For your project, investigate the different kinds of noise reduction filter and their settings (mask size, number of iterations) and determine:
- images/20grid.pnghow well they cope with different kinds and levels of noise (you can set this in the interactive).
- images/20grid.pnghow much time it takes to do the necessary processing (the interactive shows the number of frames per second that it can process)
- how they affect the quality of the underlying image (a variety of images + camera)
You can take screenshots of the image to show the effects in your writeup. You can discuss the tradeoffs that need to be made to reduce noise.
Recognising faces has become a widely used computer vision application. These days photo album systems like Picasa and Facebook can try to recognise who is in a photo using face recognition — for example, the following photos were recognised in Picasa as being the same person, so to label the photos with people’s names you only need to click one button rather than type each one in.
There are lots of other applications. Security systems such as customs at country borders use face recognition to identify people and match them with their passport. It can also be useful for privacy — Google Maps streetview identifies faces and blurs them. Digital cameras can find faces in a scene and use them to adjust the focus and lighting.
There is some information about How facial recognition works that you can read up as background, and some more information at i-programmer.info .
There are some relevant articles on the cs4fn website that also provide some general material on computer vision.
First let’s manually try some methods for recognising whether two photographs show the same person.
- Get about 3 photos each of 3 people
- Measure features on the faces such as distance between eyes, width of mouth, height of head etc. Calculate the ratios of some of these.
- Do photos of the same person show the same ratios? Do photos of different people show different ratios? Would these features be a reliable way to recognise two images as being the same person?
- Are there other features you could measure that might improve the accuracy?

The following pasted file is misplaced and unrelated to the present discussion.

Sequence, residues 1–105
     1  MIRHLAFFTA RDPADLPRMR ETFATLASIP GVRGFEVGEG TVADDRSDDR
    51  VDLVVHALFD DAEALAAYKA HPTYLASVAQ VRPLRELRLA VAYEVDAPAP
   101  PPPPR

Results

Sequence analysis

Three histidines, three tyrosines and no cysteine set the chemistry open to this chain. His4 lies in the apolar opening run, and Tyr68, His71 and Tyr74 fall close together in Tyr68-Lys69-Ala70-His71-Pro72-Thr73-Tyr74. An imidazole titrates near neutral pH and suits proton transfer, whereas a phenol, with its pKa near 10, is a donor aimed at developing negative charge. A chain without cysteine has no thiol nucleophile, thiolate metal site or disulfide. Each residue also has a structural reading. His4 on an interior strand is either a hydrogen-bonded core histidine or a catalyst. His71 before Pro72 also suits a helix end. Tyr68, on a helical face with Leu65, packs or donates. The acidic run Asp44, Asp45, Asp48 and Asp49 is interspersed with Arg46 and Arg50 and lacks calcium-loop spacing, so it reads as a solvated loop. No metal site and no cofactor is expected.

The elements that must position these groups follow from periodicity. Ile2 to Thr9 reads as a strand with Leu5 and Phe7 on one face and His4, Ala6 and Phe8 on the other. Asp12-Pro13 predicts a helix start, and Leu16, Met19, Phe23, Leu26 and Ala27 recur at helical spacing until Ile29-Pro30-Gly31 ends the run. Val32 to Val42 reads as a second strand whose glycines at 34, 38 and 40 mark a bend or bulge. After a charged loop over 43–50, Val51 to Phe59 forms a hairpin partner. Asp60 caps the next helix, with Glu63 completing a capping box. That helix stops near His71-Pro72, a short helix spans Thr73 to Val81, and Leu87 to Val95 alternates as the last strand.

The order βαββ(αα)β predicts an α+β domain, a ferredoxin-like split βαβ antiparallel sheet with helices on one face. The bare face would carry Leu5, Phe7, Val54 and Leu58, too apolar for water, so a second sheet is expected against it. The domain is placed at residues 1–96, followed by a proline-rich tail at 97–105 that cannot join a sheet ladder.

You can evaluate the effectiveness of facial recognition in free software such as Google’s Picasa or the Facebook photo tagging system, but uploading photos of a variety of people and seeing if it recognises photos of the same person. Are there any false negatives or positives? How much can you change your face when the photo is being taken to not have it match your face in the system? Does it recognise a person as being the same in photos taken several years apart? Does a baby photo match of a person get matched with them when they are five years old? When they are an adult? Why or why not does this work?
Use the following face recognition interactive to see how well the Haar face recognition system can track a face in the image. What prevents it from tracking a face? Is it affected if you cover one eye or wear a hat? How much can the image change before it isn’t recognised as a face? Is it possible to get it to incorrectly recognise something that isn’t a face?
Open the face recognition interactive using this link and experiment with the settings. You will need a webcam, and the widget will ask you to allow access to it.
A useful technique in computer vision is edge detection, where the boundaries between objects are automatically identified. Having these boundaries makes it easy to segment the image (break it up into separate objects or areas), which can then be recognised separately.
For example, here’s a photo where you might want to recognise individual objects:
And here’s a version that has been processed by an edge detection algorithm:
Notice that the grain on the table above has affected the quality; some pre-processing to filter that would have helped!
You can experiment with edge-detection yourself. Open the following interactive, which provides a Canny edge detector (see the information about Canny edge detection on Wikipedia ). This is a widely used algorithm in computer vision, developed in 1986 by John F. Canny.
Open the edge detection interactive using this link and experiment with settings as below. You will need a webcam, and the widget will ask you to allow access to it.
With the canny edge detection interactive above, try putting different images in front of the camera and determine how good the algorithm is at detecting boundaries in the image. Capture images to put in your report as examples to illustrate your experiments with the detector.
- Can the Canny detector find all edges in the image? If there are some missing, why might this be?
- Are there any false edge detections? Why did they system think that they were edges?
- Does the lighting on the scene affect the quality of edge detection?
- Does the system find the boundary between two colours? How similar can the colours be and still have the edge detected?
- How fast can the system process the input? Does the nature of the image affect this?
- How well does the system deal with a page with text on it?
The field of computer vision is changing rapidly at the moment because camera technology has been improving quickly over the last couple of decades. Not only is the resolution of cameras increasing, but they are more sensitive for low light conditions, have less noise, can operate in infra-red (useful for detecting distances), and are getting very cheap so that it’s reasonable to use multiple cameras, perhaps to give different angles or to get stereo vision.
Despite these recent changes, many of the fundamental ideas in computer vision have been around for a while; for example, the “k-means” segmentation algorithm was first described in 1967, and the first digital camera wasn’t built until 1975 (it was a 100 by 100 pixel Kodak prototype).
(More material will be added to this chapter in the near future)